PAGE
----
Filters can be used to incorporate faceted navigation into your application's UI, enhance query formulation, and filter based on user- or developer-specified criteria. Create filters using the OData syntax.
|User experience||Autocomplete can be enabled for type-ahead queries in a search bar.
Search suggestions also works off of partial text inputs in a search bar, but the results are actual documents in your index rather than query terms.
Synonyms associates equivalent terms that implicitly expand the scope of a query, without the user having to provide the alternate terms.
Hit highlighting applies text formatting to a matching keyword in search results. You can choose which fields return highlighted snippets.
Sorting is offered for multiple fields via the index schema and then toggled at query-time with a single search parameter.
Paging and throttling your search results is straightforward with the finely tuned control that Azure Cognitive Search offers over your search results.
|Data encryption||Microsoft-managed encryption-at-rest is built into the internal storage layer and is irrevocable.
Customer-managed encryption keys that you create and manage in Azure Key Vault can be used for supplemental encryption of indexes and synonym maps. For services created after August 1 2020, CMK encryption extends to data on temporary disks, for full double encryption of indexed content.
|Endpoint protection||IP rules for inbound firewall support allows you to set up IP ranges over which the search service will accept requests.
Create a private endpoint using Azure Private Link to force all requests through a virtual network.
|Outbound security (indexers)||Data access through private endpoints allows an indexer to connect to Azure resources that are protected through Azure Private Link.
Data access using a trusted identity means that connection strings to external data sources can omit user names and passwords. When an indexer connects to the data source, the resource allows the connection if the search service was previously registered as a trusted service.
|Tools for prototyping and inspection||Add index is an index designer in the portal that you can use to create a basic schema consisting of attributed fields and a few other settings. After saving the index, you can populate it using an SDK or the REST API to provide the data.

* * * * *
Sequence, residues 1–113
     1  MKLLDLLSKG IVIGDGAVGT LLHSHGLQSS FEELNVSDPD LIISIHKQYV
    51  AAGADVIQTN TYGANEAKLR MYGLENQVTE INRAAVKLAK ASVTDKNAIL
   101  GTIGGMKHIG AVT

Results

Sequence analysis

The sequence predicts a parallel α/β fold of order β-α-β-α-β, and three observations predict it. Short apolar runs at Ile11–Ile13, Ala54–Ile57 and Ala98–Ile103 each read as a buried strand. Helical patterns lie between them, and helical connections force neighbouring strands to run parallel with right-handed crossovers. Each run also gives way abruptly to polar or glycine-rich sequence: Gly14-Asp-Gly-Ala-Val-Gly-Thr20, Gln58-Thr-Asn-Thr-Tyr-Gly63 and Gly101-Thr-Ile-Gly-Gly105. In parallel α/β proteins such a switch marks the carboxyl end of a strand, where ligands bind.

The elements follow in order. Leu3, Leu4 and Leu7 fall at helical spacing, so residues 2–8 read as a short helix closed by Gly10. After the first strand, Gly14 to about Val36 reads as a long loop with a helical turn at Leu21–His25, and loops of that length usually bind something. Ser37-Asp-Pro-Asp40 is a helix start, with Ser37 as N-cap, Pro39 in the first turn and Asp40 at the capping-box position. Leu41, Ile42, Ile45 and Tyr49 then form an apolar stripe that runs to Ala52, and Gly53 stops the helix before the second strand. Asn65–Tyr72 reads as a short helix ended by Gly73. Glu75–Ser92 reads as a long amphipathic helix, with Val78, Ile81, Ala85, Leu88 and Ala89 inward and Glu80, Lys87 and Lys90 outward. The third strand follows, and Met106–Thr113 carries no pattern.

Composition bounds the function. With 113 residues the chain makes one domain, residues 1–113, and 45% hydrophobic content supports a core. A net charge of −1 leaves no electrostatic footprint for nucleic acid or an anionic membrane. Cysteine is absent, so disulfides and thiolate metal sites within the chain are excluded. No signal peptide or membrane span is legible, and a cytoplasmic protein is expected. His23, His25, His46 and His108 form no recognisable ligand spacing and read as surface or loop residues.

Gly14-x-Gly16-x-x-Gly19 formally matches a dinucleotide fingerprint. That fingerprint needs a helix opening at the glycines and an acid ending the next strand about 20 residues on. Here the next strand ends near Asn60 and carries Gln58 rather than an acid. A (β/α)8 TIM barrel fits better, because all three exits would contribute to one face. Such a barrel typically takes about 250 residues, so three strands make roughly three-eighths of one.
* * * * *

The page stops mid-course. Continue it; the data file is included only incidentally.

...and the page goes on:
Import data wizard creates indexes, indexers, skillsets, and data source definitions. If your data exists in Azure, this wizard can save you significant time and effort, especially for proof-of-concept investigation and exploration.
Search explorer is used to test queries and refine scoring profiles.
Create demo app is used to generate an HTML page that can be used to test the search experience.
|Monitoring and diagnostics||Enable monitoring features to go beyond the metrics-at-a-glance that are always visible in the portal. Metrics on queries per second, latency, and throttling are captured and reported in portal pages with no additional configuration required.|
|REST||Service REST API is for data plane operations, including all operations related to indexing, queries, and AI enrichment. You can also use this client library to retrieve system information and statistics.
Management REST API is for service creation and clean up through Azure Resource Manager. You can also use this API to manage keys and provision a service.
|Azure SDK for .NET||Azure.Search.Documents is for data plane operations, including all operations related to indexing, queries, and AI enrichment. You can also use this client library to retrieve system information and statistics.
Microsoft.Azure.Management.Search is for service creation and clean up through Azure Resource Manager. You can also use this API to manage keys and provision a service.
|Azure SDK for Java||com.azure.search.documents is for data plane operations, including all operations related to indexing, queries, and AI enrichment. You can also use this client library to retrieve system information and statistics.
com.microsoft.azure.management.search is for service creation and clean up through Azure Resource Manager. You can also use this API to manage keys and provision a service.
|Azure SDK for Python||azure-search-documents is for data plane operations, including all operations related to indexing, queries, and AI enrichment. You can also use this client library to retrieve system information and statistics.
azure-mgmt-search is for service creation and clean up through Azure Resource Manager. You can also use this API to manage keys and provision a service.
azure/arm-search is for service creation and clean up through Azure Resource Manager. You can also use this API to manage keys and provision a service.